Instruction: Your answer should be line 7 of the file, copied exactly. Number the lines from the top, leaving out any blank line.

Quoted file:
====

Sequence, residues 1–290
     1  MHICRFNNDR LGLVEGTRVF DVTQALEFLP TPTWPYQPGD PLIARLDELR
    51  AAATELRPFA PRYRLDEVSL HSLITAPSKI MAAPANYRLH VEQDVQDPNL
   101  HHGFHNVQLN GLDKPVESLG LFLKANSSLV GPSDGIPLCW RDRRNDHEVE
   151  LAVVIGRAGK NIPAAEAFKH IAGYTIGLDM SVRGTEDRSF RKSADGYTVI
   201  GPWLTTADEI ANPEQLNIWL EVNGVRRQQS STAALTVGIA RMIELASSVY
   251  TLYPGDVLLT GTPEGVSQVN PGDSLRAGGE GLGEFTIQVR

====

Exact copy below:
   251  TLYPGDVLLT GTPEGVSQVN PGDSLRAGGE GLGEFTIQVR